About Food – Georgian Bread (Part 1)

In Georgia, bread is called puri (pronounced “poo-ree”) and is traditionally baked in a deep circular clay oven called a tone (pronounced “ton-AY”). Traditional bread, especially the long pointed bread called shotis puri, is very popular and usually served with every meal.

Most streets in Georgia have at least one traditional bakery.

We went behind the scenes at our local bakery, Trepezi, to meet our baker and see how traditional Georgian bread is made.

Our baker’s name is Zaur Skhirtladze and he comes from the Racha Region of Western Georgia. In earlier times all bakers came from Racha (Georgian: რაჭა) and they are generally acknowledged to be the best bakers in Georgia.

The men from Racha have a reputation for talking very calmly and kindly and for doing things very slowly and carefully. They are also renowned for their sense of humor, which we found to be absolutely true when Zaur told us:

When Columbus set foot in America and planted a sign saying ‘I found this land’ a man from Racha appeared from nowhere and told him ‘How can you say you found this land when I have been baking bread here for 30 years’. 

We are not sure if it is true but it made us laugh!

There is a tradition of bread making in Zaur’s family. His father was a baker in the Soviet Army during the Second World War.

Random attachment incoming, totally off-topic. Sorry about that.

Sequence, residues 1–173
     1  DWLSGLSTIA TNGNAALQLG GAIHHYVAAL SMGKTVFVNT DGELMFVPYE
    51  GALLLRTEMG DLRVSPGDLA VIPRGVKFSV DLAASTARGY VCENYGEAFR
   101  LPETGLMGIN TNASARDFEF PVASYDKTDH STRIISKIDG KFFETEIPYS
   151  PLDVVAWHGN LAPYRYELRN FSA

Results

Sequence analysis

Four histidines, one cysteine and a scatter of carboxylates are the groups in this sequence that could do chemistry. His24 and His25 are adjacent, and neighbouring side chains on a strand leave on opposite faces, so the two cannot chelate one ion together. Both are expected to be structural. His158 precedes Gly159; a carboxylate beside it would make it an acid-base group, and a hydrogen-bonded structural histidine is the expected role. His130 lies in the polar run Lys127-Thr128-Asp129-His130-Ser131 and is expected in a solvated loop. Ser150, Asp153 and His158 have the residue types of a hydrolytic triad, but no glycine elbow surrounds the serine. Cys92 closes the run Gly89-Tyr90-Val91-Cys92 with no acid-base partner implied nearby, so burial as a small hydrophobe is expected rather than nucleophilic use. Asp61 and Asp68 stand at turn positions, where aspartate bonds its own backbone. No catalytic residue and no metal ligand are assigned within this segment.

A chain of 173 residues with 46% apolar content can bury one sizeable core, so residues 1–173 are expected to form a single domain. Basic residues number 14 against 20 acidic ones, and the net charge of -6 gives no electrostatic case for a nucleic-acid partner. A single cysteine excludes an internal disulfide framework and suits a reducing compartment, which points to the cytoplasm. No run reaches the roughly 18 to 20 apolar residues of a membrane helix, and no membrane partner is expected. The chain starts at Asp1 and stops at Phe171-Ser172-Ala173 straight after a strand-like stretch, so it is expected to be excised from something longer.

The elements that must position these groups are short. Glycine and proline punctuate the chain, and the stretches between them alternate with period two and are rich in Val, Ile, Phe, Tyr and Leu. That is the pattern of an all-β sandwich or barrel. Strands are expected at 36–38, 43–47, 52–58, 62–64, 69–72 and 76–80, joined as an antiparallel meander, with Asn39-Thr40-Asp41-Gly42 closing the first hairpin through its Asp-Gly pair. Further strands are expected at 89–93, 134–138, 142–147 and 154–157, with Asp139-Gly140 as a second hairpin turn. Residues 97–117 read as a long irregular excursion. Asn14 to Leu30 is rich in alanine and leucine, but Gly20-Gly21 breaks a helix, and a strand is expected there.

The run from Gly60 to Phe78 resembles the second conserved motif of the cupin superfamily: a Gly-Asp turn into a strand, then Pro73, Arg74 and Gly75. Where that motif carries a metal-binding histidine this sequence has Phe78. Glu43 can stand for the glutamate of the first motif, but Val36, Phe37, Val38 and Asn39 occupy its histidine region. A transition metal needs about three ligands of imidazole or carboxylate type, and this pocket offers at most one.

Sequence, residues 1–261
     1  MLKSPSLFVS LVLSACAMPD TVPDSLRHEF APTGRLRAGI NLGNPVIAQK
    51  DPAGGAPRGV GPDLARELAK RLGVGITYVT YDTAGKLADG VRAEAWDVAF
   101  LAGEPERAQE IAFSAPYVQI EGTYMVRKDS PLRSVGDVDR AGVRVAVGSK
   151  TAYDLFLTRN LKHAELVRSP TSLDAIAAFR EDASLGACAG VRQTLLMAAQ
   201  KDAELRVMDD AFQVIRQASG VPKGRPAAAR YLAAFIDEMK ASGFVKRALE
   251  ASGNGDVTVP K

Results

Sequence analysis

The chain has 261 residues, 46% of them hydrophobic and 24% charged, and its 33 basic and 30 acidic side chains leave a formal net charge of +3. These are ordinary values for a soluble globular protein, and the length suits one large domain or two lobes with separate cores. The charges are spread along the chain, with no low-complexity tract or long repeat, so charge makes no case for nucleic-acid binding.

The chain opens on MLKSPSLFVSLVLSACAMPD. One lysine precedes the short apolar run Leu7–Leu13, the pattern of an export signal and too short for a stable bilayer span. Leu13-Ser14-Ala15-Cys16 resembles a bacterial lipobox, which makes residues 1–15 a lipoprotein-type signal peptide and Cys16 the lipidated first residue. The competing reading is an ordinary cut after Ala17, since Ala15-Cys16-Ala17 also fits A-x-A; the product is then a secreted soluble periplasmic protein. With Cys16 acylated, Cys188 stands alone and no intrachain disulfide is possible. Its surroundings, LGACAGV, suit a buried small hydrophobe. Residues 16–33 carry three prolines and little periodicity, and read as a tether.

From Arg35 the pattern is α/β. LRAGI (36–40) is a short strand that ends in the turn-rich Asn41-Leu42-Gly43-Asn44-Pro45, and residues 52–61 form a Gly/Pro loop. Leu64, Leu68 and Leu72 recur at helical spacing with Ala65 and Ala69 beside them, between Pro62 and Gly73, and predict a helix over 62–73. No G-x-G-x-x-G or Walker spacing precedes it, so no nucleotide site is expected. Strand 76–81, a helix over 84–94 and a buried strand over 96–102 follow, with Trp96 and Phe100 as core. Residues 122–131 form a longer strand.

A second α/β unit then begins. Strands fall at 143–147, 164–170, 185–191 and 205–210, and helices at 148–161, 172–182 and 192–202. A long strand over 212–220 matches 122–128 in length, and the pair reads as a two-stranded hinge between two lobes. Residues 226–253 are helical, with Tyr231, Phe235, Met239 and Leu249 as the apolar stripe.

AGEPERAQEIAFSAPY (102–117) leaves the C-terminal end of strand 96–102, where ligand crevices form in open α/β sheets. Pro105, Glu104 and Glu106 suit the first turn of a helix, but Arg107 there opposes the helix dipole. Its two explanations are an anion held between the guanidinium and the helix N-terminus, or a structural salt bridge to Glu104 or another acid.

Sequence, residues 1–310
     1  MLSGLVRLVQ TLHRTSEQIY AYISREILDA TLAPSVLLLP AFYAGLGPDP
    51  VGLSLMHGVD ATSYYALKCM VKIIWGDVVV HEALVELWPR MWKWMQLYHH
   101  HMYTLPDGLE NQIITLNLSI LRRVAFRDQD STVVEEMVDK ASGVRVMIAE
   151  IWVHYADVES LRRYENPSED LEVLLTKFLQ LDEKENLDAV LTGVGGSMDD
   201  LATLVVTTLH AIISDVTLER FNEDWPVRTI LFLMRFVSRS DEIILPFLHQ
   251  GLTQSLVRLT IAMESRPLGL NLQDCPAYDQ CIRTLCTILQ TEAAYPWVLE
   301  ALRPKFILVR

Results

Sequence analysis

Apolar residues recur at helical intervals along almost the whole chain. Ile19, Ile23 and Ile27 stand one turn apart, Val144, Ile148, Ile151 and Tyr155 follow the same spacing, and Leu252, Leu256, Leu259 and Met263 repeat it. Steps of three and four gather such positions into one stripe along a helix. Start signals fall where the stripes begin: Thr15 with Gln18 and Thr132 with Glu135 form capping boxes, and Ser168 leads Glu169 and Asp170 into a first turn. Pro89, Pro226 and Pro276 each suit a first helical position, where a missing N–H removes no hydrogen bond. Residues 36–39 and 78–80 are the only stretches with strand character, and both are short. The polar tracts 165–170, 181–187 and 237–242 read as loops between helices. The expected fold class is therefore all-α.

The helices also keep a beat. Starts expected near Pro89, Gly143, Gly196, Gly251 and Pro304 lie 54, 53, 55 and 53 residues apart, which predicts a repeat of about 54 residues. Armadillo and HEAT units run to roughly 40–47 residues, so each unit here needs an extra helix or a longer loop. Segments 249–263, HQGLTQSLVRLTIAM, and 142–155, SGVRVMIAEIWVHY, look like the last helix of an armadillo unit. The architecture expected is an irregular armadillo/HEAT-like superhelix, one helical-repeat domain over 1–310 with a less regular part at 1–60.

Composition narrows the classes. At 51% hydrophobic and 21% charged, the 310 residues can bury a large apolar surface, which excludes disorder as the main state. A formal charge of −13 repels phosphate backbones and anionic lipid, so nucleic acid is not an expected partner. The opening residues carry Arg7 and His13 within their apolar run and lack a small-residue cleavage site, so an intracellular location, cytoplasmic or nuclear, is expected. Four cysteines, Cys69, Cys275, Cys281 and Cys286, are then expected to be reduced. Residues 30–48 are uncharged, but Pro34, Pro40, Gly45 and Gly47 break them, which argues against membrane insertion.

Although Zaur started working in a bread factory he left in 1977 to make handmade traditional Georgian bread. He was taught how to make it by his godfather and he told us that it takes time to learn how to make good bread. It takes much strength to knead the dough and much skill to place the dough inside the tone (oven) and take out the baked bread without dropping it in the fire.

Zaur made the traditional tone oven that takes pride of place in the small bakery.

Traditional tones are made of clay and burn wood but Zaur told us that the smoke damages the building so his tone is gas fired. The interior is lined with fire proof bricks. The outside is made of a mixture of special quartz sand which is used in making glass and a fire proof clay called Chamuti. This mixture is spread on the outside of the tone and wrapped in linen. When it dries it fuses into a hard, fireproof surface. This tone will last for 7-8 years before it will need to be replaced.

The heat inside the bakery was phenomenal. When we mentioned this, Zaur laughed and told us that “You cannot bake bread in a cold tone”. More Racha humor!

Zaur told us that his busiest time of year is at New Year. Huge quanties of bread are eaten during New Year feasts and customers queue for hours to collect anything from 10-50 breads! At New Year Zaur used 10 x 50kg bags of flour and made more than 1,400 loaves of bread. He mentioned that this is his physical limit for mixing dough by hand. He pointed out that modern bread factories use electrically powered mixers for the dough but you have to be physically strong to hand mix the dough (25kg at a time) when making traditional bread.